Knight Ridder may not be the best managed company, or a great place to work. But can another media company do a better job of leveraging its 29 newspapers? This is the assumption behind a challenge by two major shareholders, who want to get rid of 65-year-old Chairman Tony Ridder and either sell the company off to the highest bidder, or break it up.
Legg Mason’s Private Capital Management (PCM), which owns 19 percent of the company, complains in a letter to the board that Knight Ridder is underperforming, even compared to the rest of the newspaper industry. According to PCM, the company has failed to deal with “continuing consolidation among traditional sources of print advertising revenue; the redirection of advertising dollars to other media; its unexceptional operating margins; and its lack of a nationally read paper capable of being leveraged in the online market.” PCM’s complaint has been joined by Harris Associates, which owns 9 percent. Tony Ridder, meanwhile, holds just 1.9 percent.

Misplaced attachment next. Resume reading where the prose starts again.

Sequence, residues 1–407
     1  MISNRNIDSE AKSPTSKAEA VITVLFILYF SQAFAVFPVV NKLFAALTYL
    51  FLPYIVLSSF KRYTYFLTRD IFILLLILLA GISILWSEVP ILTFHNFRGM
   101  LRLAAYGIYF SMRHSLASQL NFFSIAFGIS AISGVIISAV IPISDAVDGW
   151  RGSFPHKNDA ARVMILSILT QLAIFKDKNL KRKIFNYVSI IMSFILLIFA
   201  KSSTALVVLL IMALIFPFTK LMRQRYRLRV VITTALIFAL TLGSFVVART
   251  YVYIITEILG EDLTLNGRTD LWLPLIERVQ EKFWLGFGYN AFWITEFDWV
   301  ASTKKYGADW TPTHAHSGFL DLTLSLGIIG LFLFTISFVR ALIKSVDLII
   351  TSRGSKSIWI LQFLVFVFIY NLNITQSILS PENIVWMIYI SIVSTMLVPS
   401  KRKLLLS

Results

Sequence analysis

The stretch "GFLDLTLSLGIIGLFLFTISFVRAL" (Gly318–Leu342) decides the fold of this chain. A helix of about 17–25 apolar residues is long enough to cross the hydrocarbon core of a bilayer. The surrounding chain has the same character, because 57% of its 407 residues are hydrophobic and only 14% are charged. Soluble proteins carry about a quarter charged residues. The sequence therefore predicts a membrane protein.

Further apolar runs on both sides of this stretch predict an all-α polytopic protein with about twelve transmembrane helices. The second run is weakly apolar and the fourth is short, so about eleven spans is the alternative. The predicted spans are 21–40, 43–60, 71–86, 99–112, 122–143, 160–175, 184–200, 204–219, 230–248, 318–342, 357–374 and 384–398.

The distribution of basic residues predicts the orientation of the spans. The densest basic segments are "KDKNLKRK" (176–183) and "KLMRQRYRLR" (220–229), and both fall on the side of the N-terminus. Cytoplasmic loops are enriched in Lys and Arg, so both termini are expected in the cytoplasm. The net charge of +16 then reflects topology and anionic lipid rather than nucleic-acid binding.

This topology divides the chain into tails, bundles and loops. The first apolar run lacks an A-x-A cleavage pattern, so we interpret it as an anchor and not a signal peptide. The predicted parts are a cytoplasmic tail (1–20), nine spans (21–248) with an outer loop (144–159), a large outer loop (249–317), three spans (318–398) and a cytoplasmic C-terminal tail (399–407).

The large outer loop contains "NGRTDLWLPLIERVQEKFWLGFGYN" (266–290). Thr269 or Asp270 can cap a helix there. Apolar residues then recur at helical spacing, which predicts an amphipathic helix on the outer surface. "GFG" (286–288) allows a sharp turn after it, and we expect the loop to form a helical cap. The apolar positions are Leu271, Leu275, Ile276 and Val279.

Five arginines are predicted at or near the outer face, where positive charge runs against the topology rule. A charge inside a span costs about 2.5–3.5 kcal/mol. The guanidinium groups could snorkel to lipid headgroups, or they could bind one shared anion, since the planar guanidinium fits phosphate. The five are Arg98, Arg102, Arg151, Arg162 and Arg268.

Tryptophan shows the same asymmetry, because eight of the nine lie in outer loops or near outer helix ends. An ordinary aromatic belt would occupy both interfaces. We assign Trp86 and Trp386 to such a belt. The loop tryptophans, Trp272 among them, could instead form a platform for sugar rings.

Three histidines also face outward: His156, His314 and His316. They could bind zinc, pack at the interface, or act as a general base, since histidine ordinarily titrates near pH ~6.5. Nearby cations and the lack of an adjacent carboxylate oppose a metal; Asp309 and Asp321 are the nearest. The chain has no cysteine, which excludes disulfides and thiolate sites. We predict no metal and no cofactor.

The specter of a possible bidding war for Knight Ridder has caused the company’s battered stock to do a quick jump. But one assumes that PCM and Harris’ complaints are about more than just a short-term stock boost. The question is why PCM thinks that other newspaper companies would achieve better results.